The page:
The South Island Beckons
Taking a town at face value and reaping the consequences...
One custom we have taken to with great enthusiasm is the “Happy Hour”. This can start as early as 2 or 3 in the afternoon and as late as 9 or 10, but usually around 5.30 and invariably longer than an hour. Wherever there is a gathering of motorhomes it is acceptable to drag your chair over, clutching a bottle or glass and some nibbles and you will soon be chatting away like old friends.
We spent a great weekend at a beautiful lakeside camp called Whakamaru (free!). We were invited by friends, met more friends and friends of friends - there were about 12 buses and campervans in a circle with much laughter, kayaking and swimming in the lake, walks and general socialising, especially in the evenings when we were treated to film shows on a large screen brought by one of the party.
Moving on we spent some time around Rotorua – not in the town itself, which is interesting but touristy and certainly the town that many people will have heard of.
there is an all pervading aroma of sulphur (rotten eggs) from the volcanic activity all around. Quite fascinating to be driving through countryside with gently steaming streams and to go and view the bubbling mud ponds and erupting geysers. We stayed with friends (met at Whakamaru) who live at Ngongotaha (Nonguitar), just around Lake Rotarua, who plied us with fresh veggies from the garden and a couple of lovely dinners – including Bill’s own fish and chips. We headed out to Kawerau (Cow a ru) which we were told was a very motor home friendly town, as indeed it proved. We went into the Information Office, paid $25 as a deposit against a key. This allowed us to plug into the electricity supply. When we left we dropped the key back to the Information Office and got our $25 back! How good is that! We also made use of the swimming pool and hot water spa. This is a free facility for residents and tourists alike. We enjoyed getting up, having a hot spa, swim and then use of the showers – wonderful – definitely worth a visit – if only to watch the old ladies with flotation devices around their waists walking and dancing up and down the pool (very little swimming going on). The spa was heated naturally from hot water piped straight from the ground. There were also warning notices not to sleep in tents or awnings where you would be near to the ground because of the gas! I liked the town so much there that I got carried away and booked myself into the local hairdressers for a colour. Big mistake.... Not only that after colouring and washing it I was asked if I would "like it dried off a bit....", I came out looking like Marilyn Monroe (although sadly only the hair, not the face or figure!) Why do we women sit there saying "oh yes, that's lovely" and then go home and weep!!!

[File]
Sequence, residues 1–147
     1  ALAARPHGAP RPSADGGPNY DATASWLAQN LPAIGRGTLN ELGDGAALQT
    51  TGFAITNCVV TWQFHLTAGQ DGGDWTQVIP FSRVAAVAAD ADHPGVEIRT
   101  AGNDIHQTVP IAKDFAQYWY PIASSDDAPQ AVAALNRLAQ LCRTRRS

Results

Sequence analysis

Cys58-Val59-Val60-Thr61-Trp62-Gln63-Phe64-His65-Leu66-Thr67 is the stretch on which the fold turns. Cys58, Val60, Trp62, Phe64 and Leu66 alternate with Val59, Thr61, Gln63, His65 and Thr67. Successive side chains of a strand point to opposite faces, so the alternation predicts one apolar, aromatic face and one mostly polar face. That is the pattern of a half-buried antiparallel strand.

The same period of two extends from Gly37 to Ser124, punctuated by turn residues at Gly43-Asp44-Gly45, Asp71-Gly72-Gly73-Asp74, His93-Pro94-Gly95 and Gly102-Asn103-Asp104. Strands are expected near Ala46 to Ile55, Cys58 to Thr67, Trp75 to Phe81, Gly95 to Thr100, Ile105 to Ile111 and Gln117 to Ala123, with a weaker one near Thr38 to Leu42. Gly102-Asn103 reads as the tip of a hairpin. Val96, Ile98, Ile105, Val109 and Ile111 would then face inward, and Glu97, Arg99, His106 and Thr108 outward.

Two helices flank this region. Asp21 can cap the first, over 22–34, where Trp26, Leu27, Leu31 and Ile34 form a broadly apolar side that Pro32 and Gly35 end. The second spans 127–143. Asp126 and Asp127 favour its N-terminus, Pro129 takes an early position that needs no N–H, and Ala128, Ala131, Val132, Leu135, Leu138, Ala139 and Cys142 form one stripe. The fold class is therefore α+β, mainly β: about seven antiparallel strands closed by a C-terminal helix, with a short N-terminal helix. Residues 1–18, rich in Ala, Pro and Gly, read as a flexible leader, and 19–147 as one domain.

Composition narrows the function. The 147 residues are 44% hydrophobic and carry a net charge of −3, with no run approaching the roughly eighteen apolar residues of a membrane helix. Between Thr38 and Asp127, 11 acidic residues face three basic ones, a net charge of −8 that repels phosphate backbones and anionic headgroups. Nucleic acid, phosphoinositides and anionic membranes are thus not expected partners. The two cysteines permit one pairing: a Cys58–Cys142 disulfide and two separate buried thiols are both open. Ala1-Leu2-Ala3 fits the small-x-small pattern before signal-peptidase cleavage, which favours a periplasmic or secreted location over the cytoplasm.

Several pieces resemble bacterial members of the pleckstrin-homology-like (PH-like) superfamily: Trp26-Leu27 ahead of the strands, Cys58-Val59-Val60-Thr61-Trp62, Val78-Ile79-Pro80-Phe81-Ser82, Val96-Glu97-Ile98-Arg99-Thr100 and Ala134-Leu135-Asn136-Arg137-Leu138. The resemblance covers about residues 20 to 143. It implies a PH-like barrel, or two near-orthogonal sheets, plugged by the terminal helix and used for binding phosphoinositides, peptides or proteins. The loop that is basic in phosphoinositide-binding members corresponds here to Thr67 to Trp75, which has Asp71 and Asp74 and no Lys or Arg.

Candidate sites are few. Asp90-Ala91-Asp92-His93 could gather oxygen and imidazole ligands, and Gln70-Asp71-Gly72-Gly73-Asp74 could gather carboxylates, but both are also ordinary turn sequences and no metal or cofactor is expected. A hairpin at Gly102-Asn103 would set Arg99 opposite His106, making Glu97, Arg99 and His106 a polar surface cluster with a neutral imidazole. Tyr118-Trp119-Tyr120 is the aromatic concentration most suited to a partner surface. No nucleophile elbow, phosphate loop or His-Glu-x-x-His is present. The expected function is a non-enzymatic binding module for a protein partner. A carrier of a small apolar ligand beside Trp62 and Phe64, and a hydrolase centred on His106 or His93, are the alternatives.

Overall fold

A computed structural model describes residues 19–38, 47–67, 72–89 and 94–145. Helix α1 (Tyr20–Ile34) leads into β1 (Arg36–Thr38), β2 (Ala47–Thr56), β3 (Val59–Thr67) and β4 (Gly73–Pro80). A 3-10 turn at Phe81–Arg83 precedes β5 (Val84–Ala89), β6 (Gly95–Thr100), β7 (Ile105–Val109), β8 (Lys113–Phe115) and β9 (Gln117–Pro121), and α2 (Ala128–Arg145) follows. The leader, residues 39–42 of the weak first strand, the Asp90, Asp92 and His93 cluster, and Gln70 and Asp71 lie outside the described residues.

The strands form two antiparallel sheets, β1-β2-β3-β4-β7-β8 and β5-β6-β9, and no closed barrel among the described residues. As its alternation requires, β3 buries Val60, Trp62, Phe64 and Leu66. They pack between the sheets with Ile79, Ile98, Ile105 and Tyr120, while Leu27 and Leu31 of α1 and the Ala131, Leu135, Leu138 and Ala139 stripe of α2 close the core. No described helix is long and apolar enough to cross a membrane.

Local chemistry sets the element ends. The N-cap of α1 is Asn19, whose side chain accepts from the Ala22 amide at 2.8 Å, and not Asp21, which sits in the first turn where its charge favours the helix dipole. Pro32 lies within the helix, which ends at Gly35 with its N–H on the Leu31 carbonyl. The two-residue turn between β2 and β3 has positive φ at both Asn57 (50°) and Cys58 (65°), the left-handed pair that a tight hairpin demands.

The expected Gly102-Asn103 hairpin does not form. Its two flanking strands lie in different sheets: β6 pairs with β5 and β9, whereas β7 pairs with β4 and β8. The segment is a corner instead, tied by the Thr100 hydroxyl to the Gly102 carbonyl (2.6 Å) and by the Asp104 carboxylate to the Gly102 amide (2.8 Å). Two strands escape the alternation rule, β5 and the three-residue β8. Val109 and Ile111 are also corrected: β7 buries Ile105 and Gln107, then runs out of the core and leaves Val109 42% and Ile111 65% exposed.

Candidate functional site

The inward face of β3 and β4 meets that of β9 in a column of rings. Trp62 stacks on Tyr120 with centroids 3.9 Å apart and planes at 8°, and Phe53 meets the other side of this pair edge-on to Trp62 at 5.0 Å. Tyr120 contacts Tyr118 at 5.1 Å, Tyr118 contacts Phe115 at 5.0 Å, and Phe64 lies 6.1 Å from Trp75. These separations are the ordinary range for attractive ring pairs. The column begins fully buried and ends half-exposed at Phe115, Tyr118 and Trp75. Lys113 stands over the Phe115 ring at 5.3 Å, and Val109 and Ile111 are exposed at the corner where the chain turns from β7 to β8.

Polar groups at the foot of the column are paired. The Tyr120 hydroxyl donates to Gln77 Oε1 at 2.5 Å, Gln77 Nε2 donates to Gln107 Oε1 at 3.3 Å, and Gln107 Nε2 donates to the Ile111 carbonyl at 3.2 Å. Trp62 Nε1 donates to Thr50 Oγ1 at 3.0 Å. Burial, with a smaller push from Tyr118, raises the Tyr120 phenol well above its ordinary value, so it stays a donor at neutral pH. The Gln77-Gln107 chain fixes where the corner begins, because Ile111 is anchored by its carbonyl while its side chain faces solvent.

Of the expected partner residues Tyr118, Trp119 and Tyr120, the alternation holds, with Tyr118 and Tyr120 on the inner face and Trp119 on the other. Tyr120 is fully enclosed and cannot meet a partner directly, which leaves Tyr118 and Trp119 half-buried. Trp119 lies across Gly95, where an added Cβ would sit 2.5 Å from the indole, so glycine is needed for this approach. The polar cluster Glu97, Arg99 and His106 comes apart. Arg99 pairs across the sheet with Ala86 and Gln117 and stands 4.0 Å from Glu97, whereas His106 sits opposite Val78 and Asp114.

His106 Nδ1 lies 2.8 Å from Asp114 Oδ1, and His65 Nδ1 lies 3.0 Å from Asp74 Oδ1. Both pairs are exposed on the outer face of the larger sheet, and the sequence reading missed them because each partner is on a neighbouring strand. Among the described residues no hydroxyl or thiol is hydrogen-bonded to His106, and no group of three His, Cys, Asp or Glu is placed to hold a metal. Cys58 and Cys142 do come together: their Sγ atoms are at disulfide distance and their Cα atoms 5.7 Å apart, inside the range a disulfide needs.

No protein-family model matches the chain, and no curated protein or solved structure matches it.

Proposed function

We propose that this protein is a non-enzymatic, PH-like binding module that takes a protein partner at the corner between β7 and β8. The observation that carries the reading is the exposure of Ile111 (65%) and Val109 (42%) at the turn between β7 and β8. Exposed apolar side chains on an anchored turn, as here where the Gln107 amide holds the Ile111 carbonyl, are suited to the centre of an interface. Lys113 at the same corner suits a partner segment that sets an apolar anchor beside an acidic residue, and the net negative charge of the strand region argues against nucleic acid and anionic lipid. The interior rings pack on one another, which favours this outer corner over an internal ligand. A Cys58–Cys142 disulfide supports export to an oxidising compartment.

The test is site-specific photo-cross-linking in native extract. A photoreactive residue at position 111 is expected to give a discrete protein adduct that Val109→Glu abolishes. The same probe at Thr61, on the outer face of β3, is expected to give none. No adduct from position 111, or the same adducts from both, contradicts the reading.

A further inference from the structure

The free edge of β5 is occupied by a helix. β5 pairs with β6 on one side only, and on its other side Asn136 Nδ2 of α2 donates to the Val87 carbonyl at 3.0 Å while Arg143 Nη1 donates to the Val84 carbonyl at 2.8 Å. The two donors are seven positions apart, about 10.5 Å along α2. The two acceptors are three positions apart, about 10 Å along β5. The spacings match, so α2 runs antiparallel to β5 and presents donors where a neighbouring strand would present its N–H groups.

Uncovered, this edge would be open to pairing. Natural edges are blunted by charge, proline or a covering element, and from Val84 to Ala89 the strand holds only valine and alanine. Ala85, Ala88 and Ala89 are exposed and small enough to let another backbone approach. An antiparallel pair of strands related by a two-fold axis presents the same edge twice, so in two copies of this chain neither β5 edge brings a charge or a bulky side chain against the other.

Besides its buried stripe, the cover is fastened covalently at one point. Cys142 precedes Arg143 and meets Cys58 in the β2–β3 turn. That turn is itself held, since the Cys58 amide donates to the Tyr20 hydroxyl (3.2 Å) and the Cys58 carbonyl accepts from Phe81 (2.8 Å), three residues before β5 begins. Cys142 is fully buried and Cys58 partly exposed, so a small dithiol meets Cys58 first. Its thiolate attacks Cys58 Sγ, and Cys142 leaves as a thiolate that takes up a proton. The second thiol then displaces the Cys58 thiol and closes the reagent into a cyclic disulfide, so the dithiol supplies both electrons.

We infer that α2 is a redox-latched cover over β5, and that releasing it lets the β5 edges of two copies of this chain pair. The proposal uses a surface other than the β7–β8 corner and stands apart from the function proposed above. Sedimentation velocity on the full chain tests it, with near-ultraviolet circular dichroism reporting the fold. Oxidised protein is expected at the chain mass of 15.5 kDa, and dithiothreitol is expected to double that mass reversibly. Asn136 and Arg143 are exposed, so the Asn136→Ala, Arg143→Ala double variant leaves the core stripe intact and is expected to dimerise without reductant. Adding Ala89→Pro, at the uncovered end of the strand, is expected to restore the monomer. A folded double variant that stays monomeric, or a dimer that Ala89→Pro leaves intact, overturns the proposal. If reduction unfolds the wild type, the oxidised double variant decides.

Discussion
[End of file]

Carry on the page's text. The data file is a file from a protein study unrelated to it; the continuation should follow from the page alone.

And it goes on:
Two become three for a while and travel the "Mainland"
At the beginning of February we found ourselves in Manakau near Auckland to pick up our friend Sue who flew into Auckland to spend three weeks with us. Whilst Jeremy worked on Bertie, Sue and I had a day trip into Auckland – this involved an hour long bus ride, then a trip across to Devonport on the ferry and all the way back again – all for $11 (just over £4, can’t be bad!). We did splash out on a couple of lovely Hokey Pokey ice creams and I just had to have a new pair of Crocs......
We travelled down to Lake Taupo and bathed again in hot mineral springs; travelled through the National Park to see Mt Ruapehu (sadly we couldn’t see the summit – too much cloud) and travelled through the very scenic route to Wellington via the Manawatu Gorge and the Rimutaka Pass. Going up the Rimutaka on a beautiful evening, I was concentrating too much on the glorious views and traffic as I drove up and around the dozens of S-bends that I didn't keep an eye on the temperature gauge. As we reached the summit gallons of rusty water cascaded across the road as we pulled into the car park. Luckily there was no lasting damage done.
The ferry crossing from Wellington to Picton was wonderful – reasonably calm seas, hot sunshine, sooty smuts on our clothes from the funnels (well, we would go up on deck to get a good seat before we started moving....). It is a most beautiful sea journey. About an hour to get out of Wellington harbour, then about an hours sea crossing, followed by the most marvellous trip through Queen Charlotte Sound, spotting tiny settlements of houses that look as though the only way to get to them is by boat and watching cloud formations tumble down cliffs before lifting again to show a different view.
We docked at Picton in the South Island - or Mainland as South Island Kiwis call it! The sun was baking hot and for some reason it felt like a different country. New adventures afoot.
We have worked our way around Golden Bay, parts of Abel Tasman and now down the West Coast of the South Island from Westport to Greymouth and I can honestly say that no photograph, no words (not even AWESOME) can begin to describe the beauty of the mountains, the beaches, the gorges and rivers that we have seen.